Unfinished Short Story About Pat

It was a joyous day indeed. Pat’s fortieth birthday. A surprise party was planned. He was forty, over the hill. Pat was happy though. He had a beautiful wife who cheated on him, a stagnant sex life, four wonderful kids who hated him, and a fantastically monotonous job with his very own personal cubicle. He also had his own stapler and a mug with his name on it. Life was grand. After all he was off on weekends where he could play golf with some of his coworkers and neighborhood friends. He was sure it was one of them that his wife was sleeping with. Probably the one that laughed and smiled the most. After all if you were screwing your friend’s wife and screwing him in the process there must be a lot to smile about. At least that’s how he imagined it. He had not felt the touch of a woman in years but was pretty sure it would make you smile. Especially if she was married.

Pat didn’t mind though. He had his buddies. They could always grab a beer after work and watch the game. Talk about planning their next golf trip to Myrtle Beach. Only if their wives would let them go. The old balls and chains. They drank to that. One day. They all laughed and took sips from their mugs. Pat did the same, scanning the faces of his buddies. Which one was more than happy? Elated he guessed. He wasn’t too keen on reading body language so he put it to the side. He himself was happy. That’s all that mattered. He had his buddies.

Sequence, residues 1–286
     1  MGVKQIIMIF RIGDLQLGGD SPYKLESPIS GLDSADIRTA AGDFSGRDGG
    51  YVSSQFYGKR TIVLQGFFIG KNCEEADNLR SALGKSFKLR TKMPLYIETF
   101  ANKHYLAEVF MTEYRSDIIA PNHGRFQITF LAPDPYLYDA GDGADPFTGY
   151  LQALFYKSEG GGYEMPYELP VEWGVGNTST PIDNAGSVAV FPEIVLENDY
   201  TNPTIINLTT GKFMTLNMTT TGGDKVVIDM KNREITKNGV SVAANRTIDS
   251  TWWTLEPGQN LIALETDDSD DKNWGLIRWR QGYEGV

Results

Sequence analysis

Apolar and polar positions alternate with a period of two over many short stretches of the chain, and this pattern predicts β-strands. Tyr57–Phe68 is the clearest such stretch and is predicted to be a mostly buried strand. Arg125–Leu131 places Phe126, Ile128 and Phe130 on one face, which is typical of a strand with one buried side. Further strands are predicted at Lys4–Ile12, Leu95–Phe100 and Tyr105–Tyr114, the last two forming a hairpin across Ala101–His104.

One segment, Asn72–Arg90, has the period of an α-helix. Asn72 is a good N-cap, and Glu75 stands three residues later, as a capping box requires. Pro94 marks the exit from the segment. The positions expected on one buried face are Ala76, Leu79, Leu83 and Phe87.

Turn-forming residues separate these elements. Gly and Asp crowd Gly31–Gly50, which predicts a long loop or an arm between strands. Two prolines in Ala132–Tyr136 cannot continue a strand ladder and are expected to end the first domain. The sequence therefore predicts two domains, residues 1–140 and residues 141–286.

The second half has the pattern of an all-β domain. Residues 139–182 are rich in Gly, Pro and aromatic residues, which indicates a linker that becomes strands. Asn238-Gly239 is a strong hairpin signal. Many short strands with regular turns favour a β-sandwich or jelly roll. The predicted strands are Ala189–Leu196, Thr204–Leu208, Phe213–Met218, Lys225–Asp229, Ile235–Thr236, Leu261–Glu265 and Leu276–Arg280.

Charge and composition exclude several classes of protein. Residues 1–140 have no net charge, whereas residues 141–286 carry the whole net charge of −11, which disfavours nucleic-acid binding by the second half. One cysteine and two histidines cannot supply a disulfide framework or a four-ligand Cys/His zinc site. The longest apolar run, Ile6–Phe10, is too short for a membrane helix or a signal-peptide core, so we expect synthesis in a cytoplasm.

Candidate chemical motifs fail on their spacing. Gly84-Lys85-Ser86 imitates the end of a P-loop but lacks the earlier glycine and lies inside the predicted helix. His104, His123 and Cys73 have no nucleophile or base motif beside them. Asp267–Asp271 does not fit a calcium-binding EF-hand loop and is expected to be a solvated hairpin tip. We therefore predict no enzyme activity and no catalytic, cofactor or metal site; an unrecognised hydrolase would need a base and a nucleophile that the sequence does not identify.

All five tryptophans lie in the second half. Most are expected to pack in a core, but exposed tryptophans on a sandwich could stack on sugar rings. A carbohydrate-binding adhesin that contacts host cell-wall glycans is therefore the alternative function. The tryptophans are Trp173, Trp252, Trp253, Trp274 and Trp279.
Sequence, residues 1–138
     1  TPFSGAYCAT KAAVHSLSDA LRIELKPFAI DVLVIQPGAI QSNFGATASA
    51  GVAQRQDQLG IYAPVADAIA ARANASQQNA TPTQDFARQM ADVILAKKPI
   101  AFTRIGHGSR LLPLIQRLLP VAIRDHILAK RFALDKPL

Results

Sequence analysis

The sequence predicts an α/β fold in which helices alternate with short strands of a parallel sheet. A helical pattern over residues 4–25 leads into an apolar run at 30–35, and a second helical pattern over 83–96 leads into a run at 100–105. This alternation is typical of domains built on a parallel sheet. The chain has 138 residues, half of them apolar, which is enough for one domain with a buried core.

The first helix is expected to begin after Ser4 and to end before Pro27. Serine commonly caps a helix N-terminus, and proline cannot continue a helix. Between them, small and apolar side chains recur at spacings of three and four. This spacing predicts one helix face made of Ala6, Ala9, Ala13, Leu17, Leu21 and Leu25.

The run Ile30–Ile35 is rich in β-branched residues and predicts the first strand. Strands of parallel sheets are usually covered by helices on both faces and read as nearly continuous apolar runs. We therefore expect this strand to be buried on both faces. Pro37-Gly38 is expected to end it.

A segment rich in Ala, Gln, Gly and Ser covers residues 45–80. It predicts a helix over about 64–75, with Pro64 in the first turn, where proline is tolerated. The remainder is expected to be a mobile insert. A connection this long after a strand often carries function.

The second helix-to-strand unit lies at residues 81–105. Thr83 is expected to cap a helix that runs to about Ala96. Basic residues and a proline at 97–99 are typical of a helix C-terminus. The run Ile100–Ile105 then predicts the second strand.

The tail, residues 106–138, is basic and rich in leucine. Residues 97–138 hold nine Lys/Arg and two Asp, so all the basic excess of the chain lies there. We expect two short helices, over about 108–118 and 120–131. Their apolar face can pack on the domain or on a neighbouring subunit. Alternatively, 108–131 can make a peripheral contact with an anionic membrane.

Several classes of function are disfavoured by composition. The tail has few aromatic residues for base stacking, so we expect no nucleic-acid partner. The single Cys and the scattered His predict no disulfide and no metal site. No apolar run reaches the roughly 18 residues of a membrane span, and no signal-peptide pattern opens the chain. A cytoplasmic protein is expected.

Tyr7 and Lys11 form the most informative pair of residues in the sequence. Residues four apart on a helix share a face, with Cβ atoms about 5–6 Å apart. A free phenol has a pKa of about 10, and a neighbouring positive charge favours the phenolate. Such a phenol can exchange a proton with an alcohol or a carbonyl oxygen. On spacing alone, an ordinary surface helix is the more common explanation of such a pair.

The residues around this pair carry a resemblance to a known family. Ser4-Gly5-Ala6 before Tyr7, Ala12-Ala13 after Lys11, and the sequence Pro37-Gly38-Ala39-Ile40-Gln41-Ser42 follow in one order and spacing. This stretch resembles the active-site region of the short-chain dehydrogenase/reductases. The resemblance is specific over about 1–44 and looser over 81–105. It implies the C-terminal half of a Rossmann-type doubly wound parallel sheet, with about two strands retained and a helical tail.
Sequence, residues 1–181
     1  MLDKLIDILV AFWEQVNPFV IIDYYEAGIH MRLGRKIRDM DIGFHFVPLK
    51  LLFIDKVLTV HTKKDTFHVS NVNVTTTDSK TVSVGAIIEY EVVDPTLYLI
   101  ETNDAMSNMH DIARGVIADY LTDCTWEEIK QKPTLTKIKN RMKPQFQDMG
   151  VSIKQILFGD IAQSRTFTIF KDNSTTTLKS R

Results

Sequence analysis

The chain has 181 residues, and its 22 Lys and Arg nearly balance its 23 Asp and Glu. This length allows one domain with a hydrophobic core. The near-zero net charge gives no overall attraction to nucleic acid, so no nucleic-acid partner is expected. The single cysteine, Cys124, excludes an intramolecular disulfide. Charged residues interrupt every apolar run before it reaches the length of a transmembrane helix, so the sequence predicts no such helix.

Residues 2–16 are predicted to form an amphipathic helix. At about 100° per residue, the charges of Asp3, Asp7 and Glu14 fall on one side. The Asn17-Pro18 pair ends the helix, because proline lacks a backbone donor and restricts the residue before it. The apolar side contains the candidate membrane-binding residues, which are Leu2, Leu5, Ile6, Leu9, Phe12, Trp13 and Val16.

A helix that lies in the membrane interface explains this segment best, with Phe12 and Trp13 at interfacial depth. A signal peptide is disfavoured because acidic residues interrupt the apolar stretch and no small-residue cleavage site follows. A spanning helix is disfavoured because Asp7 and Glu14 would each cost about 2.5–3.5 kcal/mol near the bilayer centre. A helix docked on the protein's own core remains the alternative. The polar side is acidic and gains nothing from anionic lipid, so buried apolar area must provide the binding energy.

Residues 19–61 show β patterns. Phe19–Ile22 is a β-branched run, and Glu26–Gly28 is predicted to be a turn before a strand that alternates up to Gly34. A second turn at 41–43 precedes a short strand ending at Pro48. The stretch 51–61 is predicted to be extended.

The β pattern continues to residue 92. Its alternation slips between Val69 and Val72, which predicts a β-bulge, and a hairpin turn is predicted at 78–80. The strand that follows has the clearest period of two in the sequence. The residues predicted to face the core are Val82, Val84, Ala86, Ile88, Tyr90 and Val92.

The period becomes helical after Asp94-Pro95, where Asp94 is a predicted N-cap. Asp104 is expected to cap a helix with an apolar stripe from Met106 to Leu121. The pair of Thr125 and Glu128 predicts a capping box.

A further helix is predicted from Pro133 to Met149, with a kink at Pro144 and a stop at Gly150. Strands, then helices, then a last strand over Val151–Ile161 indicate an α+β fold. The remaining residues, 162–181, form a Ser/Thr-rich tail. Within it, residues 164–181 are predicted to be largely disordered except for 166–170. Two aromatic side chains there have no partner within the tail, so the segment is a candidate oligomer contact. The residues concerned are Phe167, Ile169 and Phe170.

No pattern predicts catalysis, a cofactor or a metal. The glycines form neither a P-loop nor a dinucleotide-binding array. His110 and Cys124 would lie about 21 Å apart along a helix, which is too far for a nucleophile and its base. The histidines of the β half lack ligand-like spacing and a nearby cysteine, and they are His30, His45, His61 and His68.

Pat woke up particularly early on his birthday. Wanted to get a head start on the day. He took a quick shower while the coffee was brewing. He liked the smell to meet him on his way out of the shower. A refreshing wind of pep. He needed all the pep he could get. He was forty after all. Over the hill, with a stomach that didn’t fair to well with gravity and a hairline that continued to retreat. The coffee helped him run a little further up the hill until he eventually fell back down, the result of his own weight pushing back. He took a sip of his coffee, carefully folding the Times into precise sections of reading, and chuckled to himself. Sisyphus without the rock, he thought. He’ll try again.

On his way to work in a rather aged economy Toyota he wondered what his family got him for his birthday. Perhaps another tie or “World’s Greatest Dad” trinket to add to his collection. He had the mug, pen, and shirt already. He was hoping for the hat. He’d wear it to play golf. Secretly he hoped to get a “World’s Greatest Husband” hat. He would wear to play golf to get some sort of masochistic kick out of the cruelty of such a label. Then he’d know for sure who was sleeping with his wife. He was positive. If not for his birthday he needed it for Christmas. He made a mental note.

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